Mirror Magazine
5th December 1999

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The card in my wallet!

By Aditha Dissanayake

My cousin who works in a foreign bank boasts of never having more than hundred rupees in his wallet. He pulls out four credit cards and flourishes them in my face. "It's plastic all the way" he beams. My father has three cards. My mother, who gets his supplementary cards, keeps them under the mattress on her side of the bed, and shudders at the thought of using them. She doesn't believe in the doctrine - "buy now, pay later".

I do. So this year when my father renews one of his credit cards, I become the proud owner of his supplementary card.

Deciding to be noble with the plastic card in my purse, I use it to withdraw Rs. 500 from the bank account. The Vet says it costs Rs. 450 to sterilize a kitten. I intend to free Crissy (my new feline companion) from the torments her mother, Amal Bisso, undergoes twice every year. The Vet asks me to come in the evening to take Crissy home.

At 6.30, when I make my way to the clinic, I find he had finished for the day and left the office. I see Crissy meowing loudly in a cage in the compound. The caretaker whistles in a low tone and continues to clean an empty cage. He pretends not to see me. "Here is the money. Can I take Crissy home?" I ask, pointing my 500 note at him. He refuses to look up. Continues to whistle. I repeat my words. In a gruff voice he mutters "Take the cat home, it's a male." I gape at him with bewilderment. "My Crissy, a male?" I bundle Crissy into my bag and make a hasty retreat. Crissy, named after Chaucer's "Troilus and Cresside" will have to be re-christened.

My five hundred-rupee note is still intact. This is Fate telling me to buy something for myself, I decide. So at ten in the morning I head towards the shipping mall. On the way, a video parlour sporting a banner that says, those who have a particular credit card could get free membership, catches my attention. This seems to be my day. After going through the preliminary paper work I ask the girl at the counter, "Have you got Gandhi?"

She turns her head and hollers to a young man behind her, who is standing on a chair with a duster in his hands. "Look with the Hindi cassettes," he shouts back.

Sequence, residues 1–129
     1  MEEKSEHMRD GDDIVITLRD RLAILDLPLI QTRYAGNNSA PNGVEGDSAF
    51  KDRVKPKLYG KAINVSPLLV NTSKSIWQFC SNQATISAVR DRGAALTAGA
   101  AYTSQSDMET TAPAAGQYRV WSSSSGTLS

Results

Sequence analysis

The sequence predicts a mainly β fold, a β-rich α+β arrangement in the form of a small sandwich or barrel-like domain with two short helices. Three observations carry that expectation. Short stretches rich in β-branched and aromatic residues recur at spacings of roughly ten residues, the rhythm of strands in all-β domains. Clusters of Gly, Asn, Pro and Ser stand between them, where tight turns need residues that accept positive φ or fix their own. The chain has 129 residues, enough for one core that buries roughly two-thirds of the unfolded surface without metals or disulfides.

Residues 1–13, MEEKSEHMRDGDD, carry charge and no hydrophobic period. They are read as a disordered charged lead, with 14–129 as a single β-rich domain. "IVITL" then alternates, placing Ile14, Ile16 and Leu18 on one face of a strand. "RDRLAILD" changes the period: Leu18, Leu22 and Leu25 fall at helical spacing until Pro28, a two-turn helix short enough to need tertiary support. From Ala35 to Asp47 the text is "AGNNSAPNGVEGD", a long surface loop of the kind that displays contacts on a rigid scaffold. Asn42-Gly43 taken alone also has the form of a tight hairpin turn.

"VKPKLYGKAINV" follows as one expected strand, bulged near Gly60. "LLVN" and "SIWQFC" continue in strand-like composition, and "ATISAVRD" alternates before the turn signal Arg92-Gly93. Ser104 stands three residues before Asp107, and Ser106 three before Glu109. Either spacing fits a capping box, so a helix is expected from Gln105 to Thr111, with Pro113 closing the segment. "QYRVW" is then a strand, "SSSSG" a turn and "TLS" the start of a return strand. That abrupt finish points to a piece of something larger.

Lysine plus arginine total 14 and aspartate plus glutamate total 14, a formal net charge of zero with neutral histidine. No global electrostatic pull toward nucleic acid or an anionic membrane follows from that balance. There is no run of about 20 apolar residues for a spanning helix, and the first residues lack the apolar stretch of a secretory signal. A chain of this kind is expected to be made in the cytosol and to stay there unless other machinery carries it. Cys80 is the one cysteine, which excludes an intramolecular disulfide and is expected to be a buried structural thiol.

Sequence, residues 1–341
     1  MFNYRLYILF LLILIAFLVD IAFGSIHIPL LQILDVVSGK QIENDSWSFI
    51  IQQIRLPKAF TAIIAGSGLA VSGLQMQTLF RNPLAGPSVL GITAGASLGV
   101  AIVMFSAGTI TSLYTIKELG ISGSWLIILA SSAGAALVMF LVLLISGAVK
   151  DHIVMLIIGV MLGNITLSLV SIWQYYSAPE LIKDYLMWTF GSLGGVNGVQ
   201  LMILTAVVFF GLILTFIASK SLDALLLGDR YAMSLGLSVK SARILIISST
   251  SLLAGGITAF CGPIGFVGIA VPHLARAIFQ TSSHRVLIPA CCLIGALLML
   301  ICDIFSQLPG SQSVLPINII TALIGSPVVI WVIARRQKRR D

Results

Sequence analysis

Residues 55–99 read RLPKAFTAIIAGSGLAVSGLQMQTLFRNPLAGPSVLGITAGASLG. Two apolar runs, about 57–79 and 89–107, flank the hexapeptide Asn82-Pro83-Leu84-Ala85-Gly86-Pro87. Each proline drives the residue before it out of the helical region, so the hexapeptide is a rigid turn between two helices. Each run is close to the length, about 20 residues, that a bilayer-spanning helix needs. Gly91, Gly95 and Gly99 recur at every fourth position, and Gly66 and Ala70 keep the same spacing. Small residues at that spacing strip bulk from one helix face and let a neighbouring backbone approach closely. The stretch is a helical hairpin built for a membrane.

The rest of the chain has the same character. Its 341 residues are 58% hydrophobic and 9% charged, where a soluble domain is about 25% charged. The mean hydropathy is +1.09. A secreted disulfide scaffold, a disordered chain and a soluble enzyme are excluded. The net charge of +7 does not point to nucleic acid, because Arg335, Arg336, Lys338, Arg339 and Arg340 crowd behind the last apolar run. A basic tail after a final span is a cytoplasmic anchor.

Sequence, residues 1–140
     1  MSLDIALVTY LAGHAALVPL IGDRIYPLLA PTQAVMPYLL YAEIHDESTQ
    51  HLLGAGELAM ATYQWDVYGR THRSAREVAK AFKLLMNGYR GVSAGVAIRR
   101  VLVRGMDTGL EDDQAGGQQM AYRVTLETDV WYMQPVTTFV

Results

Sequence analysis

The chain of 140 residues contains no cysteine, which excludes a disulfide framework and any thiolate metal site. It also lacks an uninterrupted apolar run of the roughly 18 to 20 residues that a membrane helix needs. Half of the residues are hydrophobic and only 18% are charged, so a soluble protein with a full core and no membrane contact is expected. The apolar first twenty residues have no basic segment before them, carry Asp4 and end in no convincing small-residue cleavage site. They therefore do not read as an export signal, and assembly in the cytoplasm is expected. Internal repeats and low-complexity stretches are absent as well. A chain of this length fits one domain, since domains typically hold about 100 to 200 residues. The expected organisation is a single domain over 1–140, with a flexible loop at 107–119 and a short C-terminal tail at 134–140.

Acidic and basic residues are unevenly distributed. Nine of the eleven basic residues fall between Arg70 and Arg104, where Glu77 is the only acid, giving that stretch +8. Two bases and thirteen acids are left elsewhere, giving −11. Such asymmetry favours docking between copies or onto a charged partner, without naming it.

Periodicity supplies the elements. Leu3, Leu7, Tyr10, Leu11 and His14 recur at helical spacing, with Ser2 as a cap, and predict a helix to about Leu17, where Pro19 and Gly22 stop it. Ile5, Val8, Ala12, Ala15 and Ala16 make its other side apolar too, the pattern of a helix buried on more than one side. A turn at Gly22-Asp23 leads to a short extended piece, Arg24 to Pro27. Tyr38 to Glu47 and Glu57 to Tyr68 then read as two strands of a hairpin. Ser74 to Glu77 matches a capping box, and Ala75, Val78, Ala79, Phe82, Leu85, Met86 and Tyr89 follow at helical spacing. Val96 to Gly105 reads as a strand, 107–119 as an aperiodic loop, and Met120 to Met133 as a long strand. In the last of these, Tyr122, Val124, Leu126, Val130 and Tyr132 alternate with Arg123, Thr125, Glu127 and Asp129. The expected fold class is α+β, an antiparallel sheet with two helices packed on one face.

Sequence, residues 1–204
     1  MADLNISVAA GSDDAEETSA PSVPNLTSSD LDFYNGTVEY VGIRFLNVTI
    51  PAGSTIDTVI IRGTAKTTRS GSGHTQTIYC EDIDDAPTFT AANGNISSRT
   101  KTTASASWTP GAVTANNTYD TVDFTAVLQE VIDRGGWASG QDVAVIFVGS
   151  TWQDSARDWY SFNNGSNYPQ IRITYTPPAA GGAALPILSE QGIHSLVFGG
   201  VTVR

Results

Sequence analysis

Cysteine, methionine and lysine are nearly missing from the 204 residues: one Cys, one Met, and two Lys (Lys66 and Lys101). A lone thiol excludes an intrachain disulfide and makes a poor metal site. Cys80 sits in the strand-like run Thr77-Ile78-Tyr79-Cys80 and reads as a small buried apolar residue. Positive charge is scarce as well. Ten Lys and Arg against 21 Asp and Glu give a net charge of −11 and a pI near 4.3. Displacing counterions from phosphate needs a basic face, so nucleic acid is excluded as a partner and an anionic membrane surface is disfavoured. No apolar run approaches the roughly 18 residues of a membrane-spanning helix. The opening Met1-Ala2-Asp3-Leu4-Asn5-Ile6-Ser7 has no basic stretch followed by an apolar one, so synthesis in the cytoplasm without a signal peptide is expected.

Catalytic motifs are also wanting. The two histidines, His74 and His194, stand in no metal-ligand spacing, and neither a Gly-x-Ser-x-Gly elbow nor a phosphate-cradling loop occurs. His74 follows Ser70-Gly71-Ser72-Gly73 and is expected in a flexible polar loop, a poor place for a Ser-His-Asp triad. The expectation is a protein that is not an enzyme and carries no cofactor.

I prevent the girl from doing so. I cannot imagine a Hindi version of Ben Kingsley's "Gandhi".

"Have you got Four weddings and a Funeral?"

The girl stares at me aghast. She yells again.

"Rome... sh".

The young man strolls to the counter. I repeat my question. He goes through a stack of cassettes and comes back with one in his hands. I feel delighted. He thrusts it in my face saying "We have A Funeral". Clearly he wants me to walk off with it.

"Four Weddings and a Funeral" I repeat the name.

He shakes his head and says "We have only The Funeral". I walk out with empty hands. I am glad I didn't have to pay for the membership.

At the shopping mall, bored looking salesgirls stare at me from all the shops. I take a deep breath and step inside one. I hope my presence would go unnoticed. But the moment I enter, I find two girls standing on either side of me.

"What are you looking for?" asks one.

I shrug my shoulders. I feel irritated. I had walked in, simply to look around. "This dress suits you very well". says the second girl, picking the ugliest one in the collection and keeping it under my chin. I wave my hand to say, "No I don't want it" and edge out of the door.

The middle-aged lady in the next shop insists I buy the silk see-through blouses she had just imported from India. "Buy a blue one. Blue suits you well. Just slip it over your head and see how good it looks." Once again I make a hasty retreat, but this time with her words still ringing in my ears "If you don't like blue, buy red, red is good for a party..."

At my next stop I ask the girl directly if they have cotton shirts for everyday wear. She guides me to a collection of shop soiled shirts. I ignore them and turn to walk towards another part of the shop. "Clothes on that side are more expensive" she tells me, obviously judging how much might be in my wallet, from my outward appearance. I glare at her. Is this another kind of apartheid, I ask myself.

I give up dress-hunting. A bookshop catches my attention. I decide to bust my brand new five hundred-rupee note on Homer's Iliad. I may never read it, but it feels good to own it. As for my credit card... Guess where it is!

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